Our place in the world
ach of these books about Australian defence and security is worth reading. Both are timely, lucid, scholarly and readable. James Curran’s Fighting with America is a handy introduction to present debates about the ANZUS alliance, China and our security. Curran, a professor of history at the University of Sydney, avoids overheated language and shows a deft familiarity with the scholarly literature.
Adam Lockyer’s Australia’s Defence Strategy is something of a tour de force on strategic thinking as such in Australia. It could have benefited from a little editing to clean up typographical errors and infelicities of expression, but it provides an unusually incisive critique of the history and theory of defence strategy in Australia. It also offers the elements of a fresh approach against the background of emerging strategic realities.
Lockyer is a senior lecturer in security studies at Macquarie University. His book is twice as long as Curran’s and covers a great deal more ground. Where Curran focuses on the history of Australia’s alliance with the US, Lockyer sets our strategic choices in the far wider context of the great-power aspirations of India, Indonesia and Japan, as well as China and the US. He critically re-examines 100 years of strategic thinking in this country. He creates an analytical framework for evaluating all the main competing schools of thought on our contemporary defence strategy. He finds all of them wanting and suggests a new defence strategy that has a good deal to recommend it.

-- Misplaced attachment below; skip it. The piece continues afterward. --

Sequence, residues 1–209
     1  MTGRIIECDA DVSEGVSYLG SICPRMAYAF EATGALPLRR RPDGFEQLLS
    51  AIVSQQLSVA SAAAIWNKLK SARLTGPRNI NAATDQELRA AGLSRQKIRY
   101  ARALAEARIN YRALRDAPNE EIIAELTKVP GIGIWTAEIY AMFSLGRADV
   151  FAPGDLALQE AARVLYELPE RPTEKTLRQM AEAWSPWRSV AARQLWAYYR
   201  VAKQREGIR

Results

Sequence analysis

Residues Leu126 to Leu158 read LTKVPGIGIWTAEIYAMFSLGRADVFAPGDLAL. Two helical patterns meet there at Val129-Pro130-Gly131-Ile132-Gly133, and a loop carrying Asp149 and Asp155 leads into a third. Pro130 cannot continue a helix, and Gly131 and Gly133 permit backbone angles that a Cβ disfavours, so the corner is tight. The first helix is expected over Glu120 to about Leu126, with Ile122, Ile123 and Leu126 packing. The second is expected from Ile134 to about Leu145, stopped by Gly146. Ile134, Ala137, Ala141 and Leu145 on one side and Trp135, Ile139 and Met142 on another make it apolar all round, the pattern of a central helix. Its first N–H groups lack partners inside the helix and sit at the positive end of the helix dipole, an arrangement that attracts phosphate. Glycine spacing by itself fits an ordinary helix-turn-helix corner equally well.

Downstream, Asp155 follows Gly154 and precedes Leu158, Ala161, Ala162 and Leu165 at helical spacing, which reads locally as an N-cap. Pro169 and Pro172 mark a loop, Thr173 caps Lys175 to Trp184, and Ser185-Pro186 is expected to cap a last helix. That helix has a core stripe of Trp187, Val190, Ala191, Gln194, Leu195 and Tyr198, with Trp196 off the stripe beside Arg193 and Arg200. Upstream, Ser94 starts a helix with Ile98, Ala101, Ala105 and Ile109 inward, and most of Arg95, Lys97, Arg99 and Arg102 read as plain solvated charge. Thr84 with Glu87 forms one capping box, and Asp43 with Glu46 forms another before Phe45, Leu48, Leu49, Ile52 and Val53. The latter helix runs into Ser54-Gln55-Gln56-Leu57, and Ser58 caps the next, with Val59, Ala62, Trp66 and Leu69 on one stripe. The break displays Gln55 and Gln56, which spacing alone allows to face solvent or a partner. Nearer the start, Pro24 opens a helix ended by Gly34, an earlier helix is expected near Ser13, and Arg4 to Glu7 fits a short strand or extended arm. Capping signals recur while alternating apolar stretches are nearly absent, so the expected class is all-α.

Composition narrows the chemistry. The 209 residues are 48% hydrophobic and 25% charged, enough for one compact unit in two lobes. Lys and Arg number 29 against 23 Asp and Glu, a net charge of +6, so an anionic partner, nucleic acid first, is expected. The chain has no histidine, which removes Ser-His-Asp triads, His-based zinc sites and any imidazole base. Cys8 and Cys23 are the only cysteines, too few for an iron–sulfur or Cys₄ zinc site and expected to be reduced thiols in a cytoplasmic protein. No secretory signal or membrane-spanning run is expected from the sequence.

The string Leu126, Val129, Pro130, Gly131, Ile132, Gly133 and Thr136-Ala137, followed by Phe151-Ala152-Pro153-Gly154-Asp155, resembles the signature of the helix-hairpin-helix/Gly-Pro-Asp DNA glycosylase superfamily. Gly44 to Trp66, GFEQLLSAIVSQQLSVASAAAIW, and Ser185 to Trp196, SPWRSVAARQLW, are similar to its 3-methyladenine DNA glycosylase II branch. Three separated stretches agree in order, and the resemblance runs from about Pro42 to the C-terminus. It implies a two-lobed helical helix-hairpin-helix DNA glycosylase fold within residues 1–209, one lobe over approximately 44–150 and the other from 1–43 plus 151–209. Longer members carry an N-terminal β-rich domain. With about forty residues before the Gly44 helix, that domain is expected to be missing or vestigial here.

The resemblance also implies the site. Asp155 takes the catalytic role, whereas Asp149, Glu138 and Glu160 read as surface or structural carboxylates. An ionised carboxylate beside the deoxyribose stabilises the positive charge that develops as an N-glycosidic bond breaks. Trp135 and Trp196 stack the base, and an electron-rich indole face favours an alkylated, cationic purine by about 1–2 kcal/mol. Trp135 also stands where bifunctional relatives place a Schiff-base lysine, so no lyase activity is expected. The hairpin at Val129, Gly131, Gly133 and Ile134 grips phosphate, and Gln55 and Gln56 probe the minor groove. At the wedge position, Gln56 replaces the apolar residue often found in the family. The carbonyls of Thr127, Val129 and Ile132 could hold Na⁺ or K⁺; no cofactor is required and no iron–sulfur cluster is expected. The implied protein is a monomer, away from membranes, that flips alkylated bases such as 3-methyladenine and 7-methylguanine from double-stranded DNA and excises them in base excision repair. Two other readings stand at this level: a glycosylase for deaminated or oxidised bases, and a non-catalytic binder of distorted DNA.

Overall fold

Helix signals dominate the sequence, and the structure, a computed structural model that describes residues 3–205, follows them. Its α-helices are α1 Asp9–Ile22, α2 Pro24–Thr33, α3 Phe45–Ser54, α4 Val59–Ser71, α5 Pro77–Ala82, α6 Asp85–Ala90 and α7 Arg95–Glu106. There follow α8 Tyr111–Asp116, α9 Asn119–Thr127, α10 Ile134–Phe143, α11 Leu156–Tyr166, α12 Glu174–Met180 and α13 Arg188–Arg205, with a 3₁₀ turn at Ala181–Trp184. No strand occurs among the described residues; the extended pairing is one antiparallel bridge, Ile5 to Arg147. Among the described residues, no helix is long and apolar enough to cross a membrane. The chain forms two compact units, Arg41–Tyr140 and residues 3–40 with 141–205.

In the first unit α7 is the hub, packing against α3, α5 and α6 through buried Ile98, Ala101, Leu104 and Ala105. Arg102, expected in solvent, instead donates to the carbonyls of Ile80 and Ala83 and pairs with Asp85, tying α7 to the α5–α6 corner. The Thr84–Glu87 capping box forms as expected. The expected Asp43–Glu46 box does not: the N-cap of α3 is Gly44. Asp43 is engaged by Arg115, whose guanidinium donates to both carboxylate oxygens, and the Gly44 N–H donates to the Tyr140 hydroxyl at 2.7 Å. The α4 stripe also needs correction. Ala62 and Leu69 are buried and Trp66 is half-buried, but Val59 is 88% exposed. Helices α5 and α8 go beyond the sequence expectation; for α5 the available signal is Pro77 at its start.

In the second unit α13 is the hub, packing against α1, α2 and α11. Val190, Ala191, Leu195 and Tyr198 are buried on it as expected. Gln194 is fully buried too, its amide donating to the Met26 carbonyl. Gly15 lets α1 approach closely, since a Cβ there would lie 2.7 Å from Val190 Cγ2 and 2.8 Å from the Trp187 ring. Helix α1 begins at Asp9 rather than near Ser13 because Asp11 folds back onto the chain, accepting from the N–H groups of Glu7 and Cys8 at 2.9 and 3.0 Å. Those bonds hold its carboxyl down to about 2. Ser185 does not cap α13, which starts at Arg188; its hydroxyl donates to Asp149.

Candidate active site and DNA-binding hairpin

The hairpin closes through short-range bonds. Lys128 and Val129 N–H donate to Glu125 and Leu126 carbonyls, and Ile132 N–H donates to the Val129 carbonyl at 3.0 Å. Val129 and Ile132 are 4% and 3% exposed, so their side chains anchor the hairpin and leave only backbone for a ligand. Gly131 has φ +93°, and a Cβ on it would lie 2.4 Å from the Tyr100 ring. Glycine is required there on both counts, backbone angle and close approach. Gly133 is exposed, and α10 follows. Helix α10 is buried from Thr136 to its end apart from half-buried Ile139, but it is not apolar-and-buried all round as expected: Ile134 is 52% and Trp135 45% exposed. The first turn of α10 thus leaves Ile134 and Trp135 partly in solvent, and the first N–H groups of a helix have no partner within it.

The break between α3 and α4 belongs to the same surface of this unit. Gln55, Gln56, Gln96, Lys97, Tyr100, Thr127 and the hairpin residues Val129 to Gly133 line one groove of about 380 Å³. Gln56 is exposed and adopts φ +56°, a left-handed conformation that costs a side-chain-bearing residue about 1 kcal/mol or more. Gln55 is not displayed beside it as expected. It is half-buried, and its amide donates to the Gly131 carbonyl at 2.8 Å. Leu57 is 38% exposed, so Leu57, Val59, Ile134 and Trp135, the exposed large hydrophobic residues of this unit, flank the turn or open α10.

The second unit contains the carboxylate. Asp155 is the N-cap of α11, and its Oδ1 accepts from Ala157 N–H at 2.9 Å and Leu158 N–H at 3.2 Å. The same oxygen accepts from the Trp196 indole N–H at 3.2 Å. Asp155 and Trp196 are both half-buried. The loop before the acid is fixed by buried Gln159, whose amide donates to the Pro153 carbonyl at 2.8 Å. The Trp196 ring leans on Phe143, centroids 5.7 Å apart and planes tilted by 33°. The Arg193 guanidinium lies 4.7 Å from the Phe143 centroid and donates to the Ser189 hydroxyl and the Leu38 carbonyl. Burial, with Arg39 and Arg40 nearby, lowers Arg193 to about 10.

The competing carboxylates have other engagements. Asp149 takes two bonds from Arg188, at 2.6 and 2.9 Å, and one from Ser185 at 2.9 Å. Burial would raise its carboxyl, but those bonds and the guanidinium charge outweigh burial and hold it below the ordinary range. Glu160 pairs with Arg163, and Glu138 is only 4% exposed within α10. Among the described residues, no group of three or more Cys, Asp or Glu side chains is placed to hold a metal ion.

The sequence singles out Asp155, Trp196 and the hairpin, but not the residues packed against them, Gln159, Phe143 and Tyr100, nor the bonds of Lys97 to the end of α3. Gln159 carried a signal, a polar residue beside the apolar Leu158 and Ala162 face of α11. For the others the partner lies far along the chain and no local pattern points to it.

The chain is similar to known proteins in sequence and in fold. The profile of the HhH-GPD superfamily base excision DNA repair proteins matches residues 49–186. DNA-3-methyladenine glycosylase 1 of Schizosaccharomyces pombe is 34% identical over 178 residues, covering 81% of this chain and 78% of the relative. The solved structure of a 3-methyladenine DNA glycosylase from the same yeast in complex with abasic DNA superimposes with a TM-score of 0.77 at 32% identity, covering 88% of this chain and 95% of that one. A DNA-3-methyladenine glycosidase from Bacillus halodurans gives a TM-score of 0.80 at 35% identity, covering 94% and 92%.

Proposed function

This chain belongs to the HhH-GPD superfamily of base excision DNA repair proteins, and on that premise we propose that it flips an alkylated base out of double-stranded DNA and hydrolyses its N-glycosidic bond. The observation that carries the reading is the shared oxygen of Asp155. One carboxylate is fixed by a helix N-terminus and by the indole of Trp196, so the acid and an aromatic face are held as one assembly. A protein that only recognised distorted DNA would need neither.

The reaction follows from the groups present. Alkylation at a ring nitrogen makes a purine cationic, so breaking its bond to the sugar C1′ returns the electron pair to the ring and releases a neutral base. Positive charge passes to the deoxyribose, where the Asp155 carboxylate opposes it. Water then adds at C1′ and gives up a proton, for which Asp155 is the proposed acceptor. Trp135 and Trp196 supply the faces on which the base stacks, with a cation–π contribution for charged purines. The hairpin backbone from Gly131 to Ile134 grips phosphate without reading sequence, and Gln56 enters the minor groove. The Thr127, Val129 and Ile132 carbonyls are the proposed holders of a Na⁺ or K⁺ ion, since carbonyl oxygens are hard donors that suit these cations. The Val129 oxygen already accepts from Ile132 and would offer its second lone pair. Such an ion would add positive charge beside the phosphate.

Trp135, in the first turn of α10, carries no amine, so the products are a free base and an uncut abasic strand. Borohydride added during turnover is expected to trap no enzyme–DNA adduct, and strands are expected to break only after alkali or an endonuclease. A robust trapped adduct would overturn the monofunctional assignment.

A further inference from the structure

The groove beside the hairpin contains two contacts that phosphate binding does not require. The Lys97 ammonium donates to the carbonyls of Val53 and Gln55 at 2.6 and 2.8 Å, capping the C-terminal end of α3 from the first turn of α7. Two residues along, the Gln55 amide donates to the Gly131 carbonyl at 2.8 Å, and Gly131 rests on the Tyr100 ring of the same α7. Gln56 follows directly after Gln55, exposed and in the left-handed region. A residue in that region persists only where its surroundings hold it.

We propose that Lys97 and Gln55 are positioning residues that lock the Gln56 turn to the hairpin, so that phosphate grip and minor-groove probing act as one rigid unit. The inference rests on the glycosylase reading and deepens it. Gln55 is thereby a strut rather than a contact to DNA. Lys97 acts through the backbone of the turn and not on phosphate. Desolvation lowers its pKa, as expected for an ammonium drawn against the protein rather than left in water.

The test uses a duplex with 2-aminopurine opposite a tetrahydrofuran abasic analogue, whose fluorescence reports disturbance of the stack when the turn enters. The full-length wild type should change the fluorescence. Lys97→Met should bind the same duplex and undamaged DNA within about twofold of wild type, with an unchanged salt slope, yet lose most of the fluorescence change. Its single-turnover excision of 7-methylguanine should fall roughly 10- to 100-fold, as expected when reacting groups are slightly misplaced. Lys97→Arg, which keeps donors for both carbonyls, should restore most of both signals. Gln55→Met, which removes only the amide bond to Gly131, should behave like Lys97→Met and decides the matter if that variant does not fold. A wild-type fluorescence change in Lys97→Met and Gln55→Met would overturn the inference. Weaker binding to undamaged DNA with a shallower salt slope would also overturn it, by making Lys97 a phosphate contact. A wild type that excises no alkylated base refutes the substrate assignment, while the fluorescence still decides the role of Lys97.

Curran’s book is significant because it will enable whoever reads it to put into fairly wellinformed perspective the extravagant language we have had from a number of our elder statesmen in recent years, to the effect that the ANZUS alliance has reached its use-by date, that we should distance ourselves from the US and move closer to China. Malcolm Fraser lobbied for this in his last years and wrote a book on the subject. Paul Keating, in his Keith Murdoch Oration in 2013, urged that we cut adrift from the Anglosphere and ‘‘strike out on our own’’ — by making Indonesia our new ‘‘great and powerful friend’’. John Brumby, Bob Carr and Stephen Fitzgerald have been insisting we now live in ‘‘a Chinese world’’ and need to turn our attention increasingly to Beijing.
Curran’s position is that we have had our dif- ferences with the US in the past and are likely to have increasing differences in the future, especially regarding the rivalries of the great powers in East Asia and the western Pacific. He does not, however, suggest we go so far as to break off the alliance in the ill-considered manner urged by Fraser and Keating. What we need, if we are to stake out a new position, he argues, is a better common understanding of the history of the relationship. He quotes Henry Kissinger’s World Order (2014) on the need for security affairs to be grounded in more depth of perspective than Twitter or Facebook — or the impetuous outbursts of elder statesmen.
He positions himself modestly, by quoting the respected Australian historian Keith Hancock, from back in 1954, that the historian is not someone who ‘‘knows all the answers’’ but simply someone who ‘‘has come to grips with a few very difficult questions’’.
This stance is refreshing to read in the work of a rising young historian, after the rhetorical excesses of so many much older public figures. Like too many other debates in recent years, the one over the US alliance one risks becoming unmoored from serious thinking about ‘‘very difficult questions’’.
Not the least virtue of Curran’s book is that it is studiously non-partisan. There is no shrill invective, rhetorical overkill or ideological cant in it. Indeed, he shows evenhandedly how the same public figures who now tend to roundly denounce the US for its ‘‘foreign adventurism’’ have in the past enthusiastically backed American power.
Keating declared in 1994 that Desert Storm, in 1990, should not have stopped at liberating
A Malaysian navy helicopter lands on the deck of HMAS Ballarat during exercises in the Strait of Malacca, top; US President Donald Trump, left, makes his first call to Malcolm Turnbull, inset